Mubasher Trade launches ‘Mubasher Islami’ in Egypt

Mubasher Trade has announced the Egypt opening of Mubasher Islami, a new division that specialises in a full range of Shari’ah-compliant services, including a dedicated trading platform for Shari’ah-compliant securities.
The new trading platform is completely free of additional charges and requires no paperwork. All existing clients can easily activate the service on their account, while new clients need a simply request for the Mubasher Islami service upon opening a new investment portfolio.

Islamic Development Bank allots $2.5bn for Egypt development projects

Saudi-based Islamic Development Bank (IDB) has announced that it has allocated $2.5bn for development projects in Egypt over the next three years to support its economy.

Egypt to introduce its first-ever sukuk guideline

In order to spur investments from the neighbouring Arab region and Southeast Asia, Egypt will launch its first Islamic debt guidelines and amend its capital market law.
This move will allow Islamic investors to invest in the 180 companies listed on the Egyptian stock market.

Egypt introduces new 'sukuk' law to attract Gulf investors

Egypt will launch its first Islamic debt guidelines and amend its capital market law in a try to spur Arab investment and open itself to investment from the Persian Gulf and Southeast Asia.
This will allow oil-rich countries to invest in the roughly 180 companies listed on the Egyptian stock market.
A statement published by the financial watchdog's website revealed that the proposal will be discussed by experts and other involved parties before being floated for final approval by Egypt's cabinet.

EBRD eyes expansion in Mena region

The European Bank of Reconstruction and Development is ready to expand to North Africa and the Middle East next year. A potential country for operations is Egypt. The bank plans to invest €2.5bn ($3.54bn) in the region per year.

An Islamic banking revolution?

After the revolution in Egypt, people expect an answer regarding the possible opening of the Islamic banking.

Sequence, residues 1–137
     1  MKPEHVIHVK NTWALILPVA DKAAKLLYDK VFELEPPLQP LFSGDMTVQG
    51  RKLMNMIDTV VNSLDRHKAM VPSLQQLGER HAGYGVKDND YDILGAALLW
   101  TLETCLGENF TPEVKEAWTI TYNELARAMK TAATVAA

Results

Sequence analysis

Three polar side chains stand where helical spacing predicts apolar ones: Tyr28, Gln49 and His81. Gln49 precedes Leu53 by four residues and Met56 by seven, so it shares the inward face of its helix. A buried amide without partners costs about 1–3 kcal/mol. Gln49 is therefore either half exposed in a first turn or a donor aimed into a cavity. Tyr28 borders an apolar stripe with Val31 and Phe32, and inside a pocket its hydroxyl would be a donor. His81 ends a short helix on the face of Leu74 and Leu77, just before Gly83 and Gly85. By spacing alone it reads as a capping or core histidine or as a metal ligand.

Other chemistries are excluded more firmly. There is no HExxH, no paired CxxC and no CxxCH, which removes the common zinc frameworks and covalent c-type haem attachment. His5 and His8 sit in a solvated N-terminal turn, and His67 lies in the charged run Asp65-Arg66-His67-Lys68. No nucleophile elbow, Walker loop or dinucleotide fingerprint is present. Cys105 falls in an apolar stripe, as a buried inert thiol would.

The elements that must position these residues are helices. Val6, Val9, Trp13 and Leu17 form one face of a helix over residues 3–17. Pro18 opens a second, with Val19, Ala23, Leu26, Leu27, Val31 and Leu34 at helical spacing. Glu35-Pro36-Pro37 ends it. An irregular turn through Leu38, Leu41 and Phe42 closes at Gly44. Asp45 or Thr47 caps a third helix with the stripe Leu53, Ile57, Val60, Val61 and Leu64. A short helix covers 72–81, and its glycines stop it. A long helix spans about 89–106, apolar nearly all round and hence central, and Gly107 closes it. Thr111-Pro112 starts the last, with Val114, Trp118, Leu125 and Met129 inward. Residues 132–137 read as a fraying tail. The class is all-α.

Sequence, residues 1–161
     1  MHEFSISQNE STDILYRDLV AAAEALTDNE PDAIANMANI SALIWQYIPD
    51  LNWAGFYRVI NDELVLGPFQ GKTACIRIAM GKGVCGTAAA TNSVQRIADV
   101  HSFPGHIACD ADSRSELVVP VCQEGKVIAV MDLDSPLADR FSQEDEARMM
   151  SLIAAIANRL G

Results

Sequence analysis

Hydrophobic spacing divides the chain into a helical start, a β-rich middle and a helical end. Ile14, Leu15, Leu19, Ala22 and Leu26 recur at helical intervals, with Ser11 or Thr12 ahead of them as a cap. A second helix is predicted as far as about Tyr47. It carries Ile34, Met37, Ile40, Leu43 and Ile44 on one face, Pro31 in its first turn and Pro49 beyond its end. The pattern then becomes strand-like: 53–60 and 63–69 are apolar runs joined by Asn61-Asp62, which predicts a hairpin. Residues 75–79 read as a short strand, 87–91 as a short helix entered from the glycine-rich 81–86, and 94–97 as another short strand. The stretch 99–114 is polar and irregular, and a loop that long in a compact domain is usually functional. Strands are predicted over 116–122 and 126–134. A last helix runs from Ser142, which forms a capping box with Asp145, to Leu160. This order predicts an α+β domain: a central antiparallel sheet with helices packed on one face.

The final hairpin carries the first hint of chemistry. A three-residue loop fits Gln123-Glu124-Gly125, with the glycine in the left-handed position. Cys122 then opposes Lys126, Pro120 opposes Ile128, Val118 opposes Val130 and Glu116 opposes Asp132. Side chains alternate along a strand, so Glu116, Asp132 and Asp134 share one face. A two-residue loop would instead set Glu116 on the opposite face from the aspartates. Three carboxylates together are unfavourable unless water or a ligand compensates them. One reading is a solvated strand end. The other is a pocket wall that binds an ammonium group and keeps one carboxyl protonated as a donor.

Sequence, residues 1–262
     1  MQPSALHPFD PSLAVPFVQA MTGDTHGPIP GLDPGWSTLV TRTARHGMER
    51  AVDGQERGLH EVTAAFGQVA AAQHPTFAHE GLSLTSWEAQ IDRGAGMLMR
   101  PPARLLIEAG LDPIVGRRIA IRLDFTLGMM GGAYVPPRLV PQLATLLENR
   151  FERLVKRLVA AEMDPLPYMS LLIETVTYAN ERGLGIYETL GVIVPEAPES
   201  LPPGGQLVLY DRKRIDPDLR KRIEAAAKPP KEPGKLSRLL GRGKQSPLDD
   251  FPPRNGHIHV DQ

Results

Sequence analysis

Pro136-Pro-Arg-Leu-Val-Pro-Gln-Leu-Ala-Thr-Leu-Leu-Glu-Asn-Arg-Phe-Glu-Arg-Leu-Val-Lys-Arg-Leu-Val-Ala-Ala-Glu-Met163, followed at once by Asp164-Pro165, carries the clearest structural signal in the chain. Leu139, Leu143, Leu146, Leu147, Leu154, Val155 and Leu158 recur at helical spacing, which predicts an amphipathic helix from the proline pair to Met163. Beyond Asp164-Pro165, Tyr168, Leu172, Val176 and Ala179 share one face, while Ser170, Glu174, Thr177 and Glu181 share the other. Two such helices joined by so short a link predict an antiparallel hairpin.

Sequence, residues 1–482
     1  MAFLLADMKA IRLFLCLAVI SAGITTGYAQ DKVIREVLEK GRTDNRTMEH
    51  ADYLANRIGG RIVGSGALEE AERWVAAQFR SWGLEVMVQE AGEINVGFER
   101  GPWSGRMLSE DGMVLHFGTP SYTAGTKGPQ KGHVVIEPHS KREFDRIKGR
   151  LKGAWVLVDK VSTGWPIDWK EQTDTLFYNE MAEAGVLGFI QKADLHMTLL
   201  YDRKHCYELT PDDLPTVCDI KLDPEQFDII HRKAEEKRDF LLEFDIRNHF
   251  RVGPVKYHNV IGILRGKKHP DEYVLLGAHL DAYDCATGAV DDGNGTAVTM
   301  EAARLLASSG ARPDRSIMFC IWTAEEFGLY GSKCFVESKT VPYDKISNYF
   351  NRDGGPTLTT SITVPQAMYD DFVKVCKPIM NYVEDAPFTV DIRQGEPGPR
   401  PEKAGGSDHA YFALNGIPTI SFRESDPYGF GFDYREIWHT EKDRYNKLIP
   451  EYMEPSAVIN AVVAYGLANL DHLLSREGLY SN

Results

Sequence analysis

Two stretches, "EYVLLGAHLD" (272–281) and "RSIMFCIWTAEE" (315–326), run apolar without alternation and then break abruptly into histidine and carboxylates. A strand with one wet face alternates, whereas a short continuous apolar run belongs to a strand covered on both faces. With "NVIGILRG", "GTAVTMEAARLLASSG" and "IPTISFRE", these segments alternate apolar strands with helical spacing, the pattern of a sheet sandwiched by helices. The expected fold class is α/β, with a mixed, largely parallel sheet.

Although Egypt accounts for nearly 10 per cent of the Arab world's gross domestic product (GDP) and its banking system is one of the largest in the region, the country hasn't been involved lately in Islamic banking.
Egypt's absence has been a loss for the Islamic finance industry as a whole. That's the one's that are interested in Islamic banking are hoping that the market will open their gates to Islamic banking.

egypt: New prospects for Islamic finance

It is well known that Egypt is considered the birthplace of islamic finance. But because of past corruption scandals, there was a time in which the previous government wanted a financial system that was more economic.
Now, after Hosni Mubarak and his government was brought down, Muslims are welcoming Islamic banking, giving Egypt the chance to be the center of Islamic finance.

New Egypt Eyes to Be Islamic Finance Hub

After the derangement of President Hosni Mubarak, chances begin to come along for Egypt to become a new hub for the booming Islamic finance.
Although Egypt is considered the birthplace of Islamic finance, its growth has lagged due to past corruption scandals.

Social unrest puting a damper on Middle East real estate markets, says S&P report

Standard & Poor's Ratings published a report named "Social Unrest Rattles Middle East And North Africa Real Estate Markets", in which they analize the current landscape in property markets in the Arabic-speaking countries of the Middle East and North Africa (MENA).